Five strategic challenges facing UK consulting firms

17 October 2017 7 min. read
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The consulting industry is a landscape in transition. Consultancies face a broad range of opportunities to guide clients through an unfamiliar new landscape. However, in order to exploit them, they must adapt. To stay competitive, consulting firms will have to rethink their strategies: from their business models to the services they deliver, how they charge for them, the types of expertise they want to develop and the type of skills they hire. Dean Carroll, General Manager of Touchstone CRM, reflects on five strategic challenges that consultancies will have to tackle.

Adapting to new market opportunities 

The market for consultancy services is shifting as clients face new business challenges. In 2016, an analyst firm identified two major growth opportunities; one around risk and regulatory compliance, and the other around digital transformation, a market that has boomed to $23 billion globally. 

On the risk and regulation side, the market is polarised into two parts. The first is commoditised consulting, which makes up the bulk of the market and commands lower fees. For new and potentially disruptive areas of risk and regulation, however, clients still seek traditional, high-value, advice. Consulting firms need to understand what kind of advice their clients need, and adapt their skills, service delivery mechanisms and rates accordingly.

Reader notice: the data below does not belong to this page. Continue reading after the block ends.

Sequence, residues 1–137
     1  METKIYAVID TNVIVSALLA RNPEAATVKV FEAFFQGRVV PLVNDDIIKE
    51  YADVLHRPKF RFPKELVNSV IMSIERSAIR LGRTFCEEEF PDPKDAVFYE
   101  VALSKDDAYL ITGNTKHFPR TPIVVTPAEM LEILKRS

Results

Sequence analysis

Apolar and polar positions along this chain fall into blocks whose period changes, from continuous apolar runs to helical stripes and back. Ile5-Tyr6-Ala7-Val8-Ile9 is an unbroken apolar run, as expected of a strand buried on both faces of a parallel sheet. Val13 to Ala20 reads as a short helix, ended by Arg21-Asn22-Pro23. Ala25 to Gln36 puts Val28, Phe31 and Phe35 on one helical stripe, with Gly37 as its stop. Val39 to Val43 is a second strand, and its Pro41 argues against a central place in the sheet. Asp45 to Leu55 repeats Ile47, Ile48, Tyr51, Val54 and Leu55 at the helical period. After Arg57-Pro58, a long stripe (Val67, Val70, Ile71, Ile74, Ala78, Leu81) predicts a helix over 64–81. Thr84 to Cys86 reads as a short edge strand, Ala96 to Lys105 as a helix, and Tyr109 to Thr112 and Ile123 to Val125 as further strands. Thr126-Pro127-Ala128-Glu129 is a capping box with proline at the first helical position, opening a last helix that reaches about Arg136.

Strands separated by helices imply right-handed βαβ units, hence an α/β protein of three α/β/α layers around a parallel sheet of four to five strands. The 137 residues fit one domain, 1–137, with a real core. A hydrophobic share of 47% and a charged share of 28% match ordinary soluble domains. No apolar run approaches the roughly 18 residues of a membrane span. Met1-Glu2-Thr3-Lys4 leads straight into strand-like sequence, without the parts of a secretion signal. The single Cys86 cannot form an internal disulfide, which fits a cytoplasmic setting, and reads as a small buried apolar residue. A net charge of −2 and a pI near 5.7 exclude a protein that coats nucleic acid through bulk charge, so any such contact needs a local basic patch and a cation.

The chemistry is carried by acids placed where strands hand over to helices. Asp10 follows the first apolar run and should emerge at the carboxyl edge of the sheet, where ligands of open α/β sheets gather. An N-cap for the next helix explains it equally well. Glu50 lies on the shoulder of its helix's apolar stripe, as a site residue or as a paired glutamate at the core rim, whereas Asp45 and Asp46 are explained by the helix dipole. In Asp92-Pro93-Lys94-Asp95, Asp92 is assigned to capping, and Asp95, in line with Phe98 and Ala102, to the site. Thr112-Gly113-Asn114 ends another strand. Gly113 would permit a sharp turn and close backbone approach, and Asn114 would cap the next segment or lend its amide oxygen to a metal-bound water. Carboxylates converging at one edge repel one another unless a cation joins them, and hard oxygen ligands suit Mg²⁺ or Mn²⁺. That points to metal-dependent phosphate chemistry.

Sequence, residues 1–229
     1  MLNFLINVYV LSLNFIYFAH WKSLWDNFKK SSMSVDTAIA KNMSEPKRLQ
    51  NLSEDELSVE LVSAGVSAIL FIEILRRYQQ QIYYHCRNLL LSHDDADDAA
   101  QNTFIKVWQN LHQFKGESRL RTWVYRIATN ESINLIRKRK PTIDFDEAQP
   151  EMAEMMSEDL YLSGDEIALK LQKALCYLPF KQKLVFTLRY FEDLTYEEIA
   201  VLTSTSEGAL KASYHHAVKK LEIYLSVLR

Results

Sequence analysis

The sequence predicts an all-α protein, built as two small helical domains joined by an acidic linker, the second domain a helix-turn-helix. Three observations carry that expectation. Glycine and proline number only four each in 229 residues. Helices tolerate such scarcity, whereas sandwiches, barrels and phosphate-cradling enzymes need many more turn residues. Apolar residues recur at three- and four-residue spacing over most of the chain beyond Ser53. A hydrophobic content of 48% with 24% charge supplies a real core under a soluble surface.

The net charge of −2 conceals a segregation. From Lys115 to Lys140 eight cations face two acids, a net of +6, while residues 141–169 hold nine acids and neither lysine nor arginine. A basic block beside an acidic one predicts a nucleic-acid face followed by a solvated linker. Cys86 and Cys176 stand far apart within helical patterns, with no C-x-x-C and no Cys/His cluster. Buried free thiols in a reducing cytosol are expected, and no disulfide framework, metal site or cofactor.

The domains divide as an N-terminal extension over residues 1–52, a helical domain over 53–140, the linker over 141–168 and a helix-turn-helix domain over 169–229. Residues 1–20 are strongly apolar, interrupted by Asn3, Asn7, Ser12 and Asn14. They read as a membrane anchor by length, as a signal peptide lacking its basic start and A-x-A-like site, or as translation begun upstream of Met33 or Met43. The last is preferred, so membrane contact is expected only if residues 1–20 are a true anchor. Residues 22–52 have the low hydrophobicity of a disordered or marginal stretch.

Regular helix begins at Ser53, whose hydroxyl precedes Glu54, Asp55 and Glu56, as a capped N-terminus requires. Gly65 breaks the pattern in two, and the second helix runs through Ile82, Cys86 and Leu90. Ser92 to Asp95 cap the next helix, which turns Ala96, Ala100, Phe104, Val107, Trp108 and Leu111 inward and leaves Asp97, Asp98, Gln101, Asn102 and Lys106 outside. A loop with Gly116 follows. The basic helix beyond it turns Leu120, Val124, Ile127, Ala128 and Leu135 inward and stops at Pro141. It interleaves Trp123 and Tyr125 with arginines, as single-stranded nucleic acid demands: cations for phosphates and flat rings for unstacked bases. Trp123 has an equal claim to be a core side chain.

Digital transformation is the other big opportunity, and is growing fast as more client organisations recognise the need to approach “digital” from a top-down, strategic perspective. As digital transformation requires a blend of strategic consultancy and IT implementation; firms that have historically specialised in one or other area will have to restructure their model and operations to combine the two.

Five strategic challenges facing UK consulting firms

There’s no question that firms need to act, though. A firm that tries to keep charging high rates for what’s now seen as “commodity” consulting will find its clients drifting away to lower-cost providers. At the same time, if they don’t pay close attention to how demand is changing, firms risk missing out on big opportunities to consult around risk, regulatory change and digital transformation. Firms must keep a close eye on which services are popular and adapt their fees and expertise in line with changing client demands.

Proving digital transformation credentials

Digital transformation is a hot area of opportunity, but competition for contracts is fierce, and as the stakes are high for the client, the choice of consultant will be under intense scrutiny. Clients are much more likely to trust a consultancy firm that practises what it preaches – one that has clearly gone through a successful digital transformation of its own. If a client sees inefficiencies in your own business operations – if they call you and you don’t immediately respond, for example – they’ll find it hard to put their faith in your ability to lead their own transformation.

You need to show that your firm is agile, responsive and capable of using the latest advances in communication / collaboration, digital service delivery and data analytics to provide an outstanding customer experience.

Getting the right people and skills

With client needs changing, consulting firms require the right people and skills to deliver the new services that clients are demanding. Trawling the top universities for graduates is becoming less viable, as there is fierce competition among recruiters, driving up salaries. Crucially, it also tends to produce a homogeneous workforce – at a time when clients are crying out for diverse viewpoints and new ways of thinking and approaching problems.